The hot summer days and cool nights in the Tahoe Basin make us all want to open our windows to let in the mountain air. However, as we let fresh air in, we let food odors escape. Black bears, with their keen sense of smell, will gravitate to open windows and doors. It is very important to make sure you close all windows when you are away from home or sleeping at night.

Bears know when humans are active or present and will take advantage of these quiet times to enter a home through a window or door to access a kitchen for easy food. Likewise, it is wise to lock your doors. Some bears know how to open doors and locking them is the only way to keep bears out of a house.

Living and recreating in the bear country of the Lake Tahoe Basin is a year-round responsibility. Please do your part to help keep Tahoe bears wild and healthy.

Here are some other bear best practices throughout the year:

  • Never feed wildlife. Feeding wild animals often brings animals into conflict with humans and draws wild animals into human homes and neighborhoods where they may be struck by vehicles and encounter other human hazards.
  • Store all trash in bear-resistant bins and close them properly, preferably bear boxes. Ask local waste disposal companies about new incentives and payment programs for bear boxes. In California, visit South Tahoe Refuse & Recycling Services for information and resources. In Nevada, residents should consult the Living with Bears resources of the Nevada Department of Wildlife (NDOW).
  • Never leave groceries, pet food, trash, or anything smelly in vehicles, campsites, or tents.
  • Always be sure to lock vehicles and close windows. Understand that eating — even drinking coffee — in your car often leaves lingering odors that attract bears.
  • Keep barbecue grills clean and stored in a garage or shed when not in use.
  • Keep doors and windows closed and locked when the house is unoccupied.
  • Vegetable gardens, compost piles, fruit trees and chickens can attract bears. Use electric fencing where permitted to keep bears out. Avoid hanging bird feeders.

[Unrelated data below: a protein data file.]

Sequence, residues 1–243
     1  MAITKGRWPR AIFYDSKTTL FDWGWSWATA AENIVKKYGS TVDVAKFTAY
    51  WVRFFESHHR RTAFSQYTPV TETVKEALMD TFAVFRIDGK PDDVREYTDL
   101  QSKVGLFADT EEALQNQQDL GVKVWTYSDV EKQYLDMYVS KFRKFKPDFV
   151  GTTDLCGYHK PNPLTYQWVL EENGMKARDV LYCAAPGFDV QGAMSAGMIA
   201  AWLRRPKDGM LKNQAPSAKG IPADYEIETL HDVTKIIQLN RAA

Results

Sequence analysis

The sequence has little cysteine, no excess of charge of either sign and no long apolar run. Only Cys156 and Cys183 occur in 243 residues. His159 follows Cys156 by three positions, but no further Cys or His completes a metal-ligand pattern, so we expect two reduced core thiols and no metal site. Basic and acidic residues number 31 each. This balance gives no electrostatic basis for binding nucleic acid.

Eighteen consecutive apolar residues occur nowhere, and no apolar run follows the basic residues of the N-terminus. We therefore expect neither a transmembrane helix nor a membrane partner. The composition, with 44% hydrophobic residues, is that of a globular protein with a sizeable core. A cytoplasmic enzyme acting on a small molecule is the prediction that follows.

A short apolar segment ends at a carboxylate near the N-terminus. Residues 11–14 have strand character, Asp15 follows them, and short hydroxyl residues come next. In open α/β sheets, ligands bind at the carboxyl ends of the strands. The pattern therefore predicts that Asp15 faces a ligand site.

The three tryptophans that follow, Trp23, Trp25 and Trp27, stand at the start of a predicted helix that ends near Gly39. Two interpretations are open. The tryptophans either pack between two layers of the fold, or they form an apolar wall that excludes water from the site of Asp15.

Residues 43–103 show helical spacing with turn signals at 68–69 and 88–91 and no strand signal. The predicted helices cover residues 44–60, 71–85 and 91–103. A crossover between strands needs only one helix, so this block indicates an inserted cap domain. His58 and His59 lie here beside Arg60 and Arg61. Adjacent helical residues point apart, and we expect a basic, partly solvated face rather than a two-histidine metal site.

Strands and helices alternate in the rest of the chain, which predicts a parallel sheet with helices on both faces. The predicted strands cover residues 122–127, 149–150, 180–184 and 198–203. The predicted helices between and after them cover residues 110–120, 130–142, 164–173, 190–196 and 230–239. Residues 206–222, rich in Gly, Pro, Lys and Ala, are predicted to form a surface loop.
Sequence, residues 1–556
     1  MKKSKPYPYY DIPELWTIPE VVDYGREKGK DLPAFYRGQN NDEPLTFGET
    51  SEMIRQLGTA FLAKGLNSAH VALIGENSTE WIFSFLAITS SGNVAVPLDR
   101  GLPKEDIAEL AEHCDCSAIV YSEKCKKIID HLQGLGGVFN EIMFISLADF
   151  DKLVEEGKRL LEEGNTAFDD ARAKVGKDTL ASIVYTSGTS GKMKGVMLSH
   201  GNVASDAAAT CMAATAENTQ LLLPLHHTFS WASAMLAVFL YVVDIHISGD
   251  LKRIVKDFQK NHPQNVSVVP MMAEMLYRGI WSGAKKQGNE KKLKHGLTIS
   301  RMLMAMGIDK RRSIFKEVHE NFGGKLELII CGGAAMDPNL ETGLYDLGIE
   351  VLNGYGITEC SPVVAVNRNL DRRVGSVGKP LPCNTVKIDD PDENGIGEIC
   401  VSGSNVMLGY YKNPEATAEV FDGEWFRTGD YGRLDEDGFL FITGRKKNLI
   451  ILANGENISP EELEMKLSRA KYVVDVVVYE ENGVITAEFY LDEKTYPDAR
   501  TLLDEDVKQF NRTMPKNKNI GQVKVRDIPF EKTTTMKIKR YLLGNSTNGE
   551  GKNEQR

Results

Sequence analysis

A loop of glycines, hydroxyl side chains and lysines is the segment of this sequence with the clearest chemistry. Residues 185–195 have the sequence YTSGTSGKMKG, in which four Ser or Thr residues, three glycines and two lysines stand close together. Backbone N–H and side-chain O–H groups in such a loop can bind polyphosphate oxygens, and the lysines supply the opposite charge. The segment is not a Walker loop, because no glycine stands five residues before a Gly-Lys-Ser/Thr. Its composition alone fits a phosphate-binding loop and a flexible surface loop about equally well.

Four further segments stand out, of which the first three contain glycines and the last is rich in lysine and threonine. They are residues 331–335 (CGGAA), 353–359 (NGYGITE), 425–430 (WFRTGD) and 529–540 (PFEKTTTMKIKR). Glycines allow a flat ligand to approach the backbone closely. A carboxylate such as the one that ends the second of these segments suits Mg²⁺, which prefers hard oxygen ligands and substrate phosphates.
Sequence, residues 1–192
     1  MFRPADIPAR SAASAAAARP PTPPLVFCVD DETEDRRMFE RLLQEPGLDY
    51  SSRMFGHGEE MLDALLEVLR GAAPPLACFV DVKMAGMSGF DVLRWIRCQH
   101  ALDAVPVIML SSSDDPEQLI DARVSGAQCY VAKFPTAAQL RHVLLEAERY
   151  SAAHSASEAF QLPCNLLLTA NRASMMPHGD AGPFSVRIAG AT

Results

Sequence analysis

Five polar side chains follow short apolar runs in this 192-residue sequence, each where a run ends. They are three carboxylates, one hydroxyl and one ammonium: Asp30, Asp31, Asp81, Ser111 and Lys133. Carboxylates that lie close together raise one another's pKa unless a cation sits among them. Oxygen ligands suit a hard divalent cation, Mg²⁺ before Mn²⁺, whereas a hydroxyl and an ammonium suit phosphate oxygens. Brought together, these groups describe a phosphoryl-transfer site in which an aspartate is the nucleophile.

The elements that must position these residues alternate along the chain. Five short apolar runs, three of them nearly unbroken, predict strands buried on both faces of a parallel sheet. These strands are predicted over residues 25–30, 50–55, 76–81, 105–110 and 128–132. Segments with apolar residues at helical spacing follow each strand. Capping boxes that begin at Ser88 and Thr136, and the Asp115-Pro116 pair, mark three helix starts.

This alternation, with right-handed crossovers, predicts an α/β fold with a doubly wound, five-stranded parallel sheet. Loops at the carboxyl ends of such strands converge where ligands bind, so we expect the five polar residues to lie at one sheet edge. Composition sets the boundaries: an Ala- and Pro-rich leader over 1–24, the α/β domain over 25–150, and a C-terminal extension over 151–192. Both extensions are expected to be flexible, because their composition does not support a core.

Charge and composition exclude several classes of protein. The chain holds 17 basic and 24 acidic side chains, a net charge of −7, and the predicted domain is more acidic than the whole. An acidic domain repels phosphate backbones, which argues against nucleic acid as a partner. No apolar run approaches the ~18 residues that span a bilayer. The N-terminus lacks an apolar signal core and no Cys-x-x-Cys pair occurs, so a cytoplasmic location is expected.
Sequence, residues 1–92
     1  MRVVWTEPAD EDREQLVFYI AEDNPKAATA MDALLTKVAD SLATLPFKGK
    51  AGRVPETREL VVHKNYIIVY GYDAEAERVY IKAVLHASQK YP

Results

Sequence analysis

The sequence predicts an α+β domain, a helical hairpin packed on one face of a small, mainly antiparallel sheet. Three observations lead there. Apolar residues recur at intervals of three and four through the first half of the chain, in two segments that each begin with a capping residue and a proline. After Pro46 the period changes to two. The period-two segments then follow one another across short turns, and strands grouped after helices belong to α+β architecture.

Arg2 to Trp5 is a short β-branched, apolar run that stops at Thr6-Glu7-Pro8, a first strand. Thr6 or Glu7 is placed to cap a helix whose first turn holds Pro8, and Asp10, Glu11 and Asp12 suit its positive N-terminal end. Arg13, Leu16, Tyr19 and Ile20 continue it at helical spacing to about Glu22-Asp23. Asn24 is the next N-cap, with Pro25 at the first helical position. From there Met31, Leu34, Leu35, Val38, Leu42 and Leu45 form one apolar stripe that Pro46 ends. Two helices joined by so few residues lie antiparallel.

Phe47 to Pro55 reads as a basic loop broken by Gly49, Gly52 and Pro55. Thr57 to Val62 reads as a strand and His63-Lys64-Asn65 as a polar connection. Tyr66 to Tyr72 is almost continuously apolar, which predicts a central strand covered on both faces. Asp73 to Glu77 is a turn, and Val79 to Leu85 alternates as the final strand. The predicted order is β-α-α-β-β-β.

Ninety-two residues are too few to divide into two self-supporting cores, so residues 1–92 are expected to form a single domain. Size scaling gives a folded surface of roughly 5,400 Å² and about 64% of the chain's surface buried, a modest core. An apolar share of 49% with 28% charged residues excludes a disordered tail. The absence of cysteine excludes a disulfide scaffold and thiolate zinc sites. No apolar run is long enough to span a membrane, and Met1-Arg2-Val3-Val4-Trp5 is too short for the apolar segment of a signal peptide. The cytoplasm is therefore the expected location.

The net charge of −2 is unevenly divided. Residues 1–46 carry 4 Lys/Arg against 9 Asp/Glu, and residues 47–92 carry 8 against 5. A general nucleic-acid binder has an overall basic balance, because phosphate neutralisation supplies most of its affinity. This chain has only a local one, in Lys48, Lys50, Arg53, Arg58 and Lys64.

• When camping, always store food (including pet food), beverages, toiletries, coolers, cleaned grills, cleaned dishes, cleaning supplies, and all other scented items in the Bear-resistant containers (storage lockers/bear boxes) provided at campsites. Bear-proof coolers that are equipped with padlock devices must always be locked to meet bear-resistant requirements.
  • Always place trash in bear-resistant dumpsters at campgrounds or bear-resistant containers at campsites (storage lockers/bear boxes), and close and lock after each use.
  • Store food in bear-resistant hard-sided storage boxes while recreating in the backcountry.
  • Give wildlife space. Enjoy wildlife from a distance, especially when they have young with them.

To report human-bear conflicts in California, contact the California Department of Fish and Wildlife (CDFW) at (916) 358-2917 or report online using CDFW’s Wildlife Incident Reporting (WIR) system at Non-emergency wildlife interactions on California State Parks property can be reported to the public dispatcher at (916) 358-1300. To report human-bear conflicts in Nevada, contact NDOW at (775) 686-BEAR (2327). If the problem is a direct threat or an emergency, call 911 to seek immediate assistance from local law enforcement.

For more information on peaceful coexistence with bears, visit

Media Contact:
Peter Tira, CDFW Communications, (916) 215-3858

Courtesy of Nevada Department of Wildlife.